Monday, 19 July 2010
Sometimes a question that seems to involve an ethical issue turns out to be pragmatic, sometimes vice versa. This evening I was chairing a discussion session at the British Centre for Literary Translation under the heading 'The Life of the Translator'. It was an impressive panel including Nicky Harman who translates from Chinese, Adriana Hunter who translates from French; Lyn Marven (from German), Anne McLean (from Spanish), Margaret Mitsutani (from Japanese), and Giuliana Schiavi (into Italian).
Some of the discussion was personal (how did you get into translation?), some practical (how do translations get published? how do you make a living? how competitive is it?), some technical (how do you go about it when, say, collaborating with someone else?). All good wise entertaining answers.
There was one that was slightly different but just as much to the point. When asked how she got into translating, Anne said it was partly through reading what seemed to her a bad translation of a marvellous book. She wanted to re-translate it.
So was she able to re-translate it? Can we have books re-translated? Is it right to do so?
The pragmatic answer is that it is always difficult to to get the copyright and persuade a new publisher to publish something that has already appeared in the language via another publisher relatively recently, in other words in the sales cycle of the book.
The less pragmatic answer has an ethical dimension that can cut both ways. It may, on the one hand, be morally desirable to replace bad work with good, but it may not, on the other hand, be morally desirable for a newcomer to push aside a firstcomer, especially when opinions about quality may vary.
Here's an example. Imre Kertész's Sorstalanság was first translated into English by a couple in America under the title Fateless, but when Kertész won the Nobel Prize for Literature in 2002, a different publisher bought out the rights to all his work, and had the book retranslated as Fatelessness. The Nobel Prize was clearly an incentive, along with some readers' views that the original translation wasn't good enough (I didn't think it was bad myself, but the new one is certainly better.)
It may be that, in some ways, the practical question here undercuts the moral one. The reason another translation had been commissioned was that Kertész had received the Nobel (presumably primarily for the translation of his books - and above all, this book - into German) not because some faults had been detected in the first version but because a new version was necessary for business.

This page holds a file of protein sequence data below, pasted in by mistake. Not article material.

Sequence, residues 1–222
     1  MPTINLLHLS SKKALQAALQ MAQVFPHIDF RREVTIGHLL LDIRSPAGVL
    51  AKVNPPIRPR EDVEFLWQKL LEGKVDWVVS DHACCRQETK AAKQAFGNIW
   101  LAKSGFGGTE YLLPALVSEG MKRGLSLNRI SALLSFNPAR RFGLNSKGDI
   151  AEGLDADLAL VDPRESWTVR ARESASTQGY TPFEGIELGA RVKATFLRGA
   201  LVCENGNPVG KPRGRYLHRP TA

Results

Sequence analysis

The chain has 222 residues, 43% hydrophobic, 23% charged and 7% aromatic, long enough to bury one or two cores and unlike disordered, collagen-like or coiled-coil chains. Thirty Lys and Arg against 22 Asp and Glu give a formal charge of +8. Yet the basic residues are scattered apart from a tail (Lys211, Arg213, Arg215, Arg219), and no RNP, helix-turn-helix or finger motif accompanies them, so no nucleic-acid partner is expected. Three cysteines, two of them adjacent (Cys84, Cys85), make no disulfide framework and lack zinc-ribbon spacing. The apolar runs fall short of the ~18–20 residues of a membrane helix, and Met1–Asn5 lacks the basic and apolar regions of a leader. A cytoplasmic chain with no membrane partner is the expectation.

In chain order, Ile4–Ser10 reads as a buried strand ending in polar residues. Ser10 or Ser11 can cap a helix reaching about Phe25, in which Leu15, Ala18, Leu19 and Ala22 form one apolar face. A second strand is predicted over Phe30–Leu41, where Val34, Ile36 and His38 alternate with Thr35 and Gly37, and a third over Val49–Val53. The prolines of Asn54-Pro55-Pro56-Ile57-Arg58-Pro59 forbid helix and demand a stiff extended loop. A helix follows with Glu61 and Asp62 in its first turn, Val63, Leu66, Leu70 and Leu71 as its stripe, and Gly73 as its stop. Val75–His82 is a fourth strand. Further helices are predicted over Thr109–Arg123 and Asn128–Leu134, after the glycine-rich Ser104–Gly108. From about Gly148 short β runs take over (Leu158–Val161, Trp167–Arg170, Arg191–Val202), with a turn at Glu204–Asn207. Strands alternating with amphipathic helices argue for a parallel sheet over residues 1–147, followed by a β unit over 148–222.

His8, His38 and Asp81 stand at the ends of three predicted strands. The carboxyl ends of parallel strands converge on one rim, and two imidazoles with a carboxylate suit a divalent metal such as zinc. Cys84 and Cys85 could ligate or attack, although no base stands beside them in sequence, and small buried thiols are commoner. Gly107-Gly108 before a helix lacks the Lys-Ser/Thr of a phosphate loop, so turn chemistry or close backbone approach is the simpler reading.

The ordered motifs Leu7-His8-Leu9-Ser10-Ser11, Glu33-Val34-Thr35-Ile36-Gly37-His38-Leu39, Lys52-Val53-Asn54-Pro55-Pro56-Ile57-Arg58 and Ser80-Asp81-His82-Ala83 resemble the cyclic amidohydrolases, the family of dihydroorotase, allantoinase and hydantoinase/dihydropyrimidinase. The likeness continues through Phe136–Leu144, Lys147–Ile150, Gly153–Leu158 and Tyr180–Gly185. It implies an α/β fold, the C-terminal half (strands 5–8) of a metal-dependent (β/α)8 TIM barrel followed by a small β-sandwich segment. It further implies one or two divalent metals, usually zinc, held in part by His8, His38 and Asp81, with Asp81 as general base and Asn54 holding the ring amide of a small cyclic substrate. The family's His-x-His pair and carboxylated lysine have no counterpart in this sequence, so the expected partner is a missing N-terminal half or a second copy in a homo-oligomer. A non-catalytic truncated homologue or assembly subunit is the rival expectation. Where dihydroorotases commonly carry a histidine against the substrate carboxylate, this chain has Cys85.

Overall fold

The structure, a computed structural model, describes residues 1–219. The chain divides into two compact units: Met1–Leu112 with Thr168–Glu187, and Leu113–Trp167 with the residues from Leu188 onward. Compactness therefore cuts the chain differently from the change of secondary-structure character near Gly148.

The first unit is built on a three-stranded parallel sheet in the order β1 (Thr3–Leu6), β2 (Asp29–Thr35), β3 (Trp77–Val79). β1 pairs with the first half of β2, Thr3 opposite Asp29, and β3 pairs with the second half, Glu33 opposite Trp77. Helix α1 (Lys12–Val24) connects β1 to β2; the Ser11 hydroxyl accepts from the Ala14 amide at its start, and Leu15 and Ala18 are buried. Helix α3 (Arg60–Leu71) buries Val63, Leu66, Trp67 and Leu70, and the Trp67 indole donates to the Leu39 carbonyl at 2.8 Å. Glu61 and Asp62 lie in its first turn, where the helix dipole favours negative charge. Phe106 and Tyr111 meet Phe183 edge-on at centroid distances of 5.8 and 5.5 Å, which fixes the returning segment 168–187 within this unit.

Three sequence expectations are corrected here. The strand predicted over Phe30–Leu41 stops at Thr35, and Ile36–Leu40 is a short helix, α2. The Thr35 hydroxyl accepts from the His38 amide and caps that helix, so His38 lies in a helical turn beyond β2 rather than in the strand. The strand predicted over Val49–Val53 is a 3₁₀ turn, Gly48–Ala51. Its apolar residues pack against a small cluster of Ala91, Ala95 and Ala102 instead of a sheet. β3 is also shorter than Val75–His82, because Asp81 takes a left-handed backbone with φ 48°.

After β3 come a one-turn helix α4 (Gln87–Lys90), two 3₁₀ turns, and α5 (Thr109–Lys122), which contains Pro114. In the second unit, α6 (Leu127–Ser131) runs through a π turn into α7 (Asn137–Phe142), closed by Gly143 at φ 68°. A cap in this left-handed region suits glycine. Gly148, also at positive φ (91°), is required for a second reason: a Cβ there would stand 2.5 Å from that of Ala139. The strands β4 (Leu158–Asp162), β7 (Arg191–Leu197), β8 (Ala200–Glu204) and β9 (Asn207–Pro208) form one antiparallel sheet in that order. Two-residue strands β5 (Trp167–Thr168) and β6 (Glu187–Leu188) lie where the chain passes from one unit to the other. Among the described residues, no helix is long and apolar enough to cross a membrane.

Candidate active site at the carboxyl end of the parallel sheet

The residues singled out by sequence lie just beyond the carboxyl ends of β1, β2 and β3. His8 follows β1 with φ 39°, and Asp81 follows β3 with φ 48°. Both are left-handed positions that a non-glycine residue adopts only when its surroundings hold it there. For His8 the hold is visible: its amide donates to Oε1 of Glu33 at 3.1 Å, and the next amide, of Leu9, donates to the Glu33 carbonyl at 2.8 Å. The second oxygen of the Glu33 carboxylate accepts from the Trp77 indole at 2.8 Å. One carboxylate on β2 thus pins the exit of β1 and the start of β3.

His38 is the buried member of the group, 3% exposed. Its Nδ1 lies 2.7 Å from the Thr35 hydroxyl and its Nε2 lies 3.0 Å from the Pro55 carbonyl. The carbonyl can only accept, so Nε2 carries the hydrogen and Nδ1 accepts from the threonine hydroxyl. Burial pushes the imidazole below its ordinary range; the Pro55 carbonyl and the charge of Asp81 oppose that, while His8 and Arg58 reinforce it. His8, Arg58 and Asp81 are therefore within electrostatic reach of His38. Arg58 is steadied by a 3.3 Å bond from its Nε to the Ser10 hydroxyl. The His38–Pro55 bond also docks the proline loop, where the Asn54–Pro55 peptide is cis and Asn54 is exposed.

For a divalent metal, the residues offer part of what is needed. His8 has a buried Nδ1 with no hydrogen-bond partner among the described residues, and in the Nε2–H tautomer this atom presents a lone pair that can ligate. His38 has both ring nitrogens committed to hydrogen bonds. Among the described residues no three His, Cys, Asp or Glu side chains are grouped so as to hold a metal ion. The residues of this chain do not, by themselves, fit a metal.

In the discussion there remained - or so I thought - a slight feeling that re-translation on the whole was ethically dubious, perhaps a form of trespass.
The issue affects fiction far more than it does poetry. In poetry it may be accepted (I accept it!) that there will be various translations of particular poems, and that multiple translation is to be welcomed. It is hermeneutically good in that it recognizes the possibility of different interpretations, but also ethically good because it forces us to recognise that good faith in translation is not a matter of substituting equivalents but of engaging in a dynamic, shifting activity that reflects the very nature of language. A good translation of a poem re-enacts the process of composition with constant reference to an original. It never becomes a copy of the original, but, with luck, it creates a process of both writing and reading that is comparable. The fact that it looks formally like the original is not an aspect of external imitation, but of undergoing a similar process.
Fiction however is property. It is contractually protected, and publishers of fiction certainly hope to make money from it. It also takes, in terms of length, more time to translate and might be represented in terms of office hours or piece work. The novel has literary value of course in that it engages the emotions, the intellect and so on - a great novel is a great novel, a great translation is a great translation irrespective of commercial success. Nevertheless there is hope of commercial success, and hope also of making a living by translating novels. In these terms, re-translating might be seen as depriving someone of an income.
I make part of a living by translating fiction. I would make no living at all translating only poetry. But I don't want to make an artificial virtue out of necessity. Poverty does not equal purity. It simply removes some of the pressures acting on fiction. So whatever virtue there is in the multiple translation of poetry is circumstantial in material terms. Circumstantial virtue is not fully virtue.
These ideas are not thought through. This is only a blog post in which I wanted to think about the slippery ghost of morality as it slips between forms and ideas.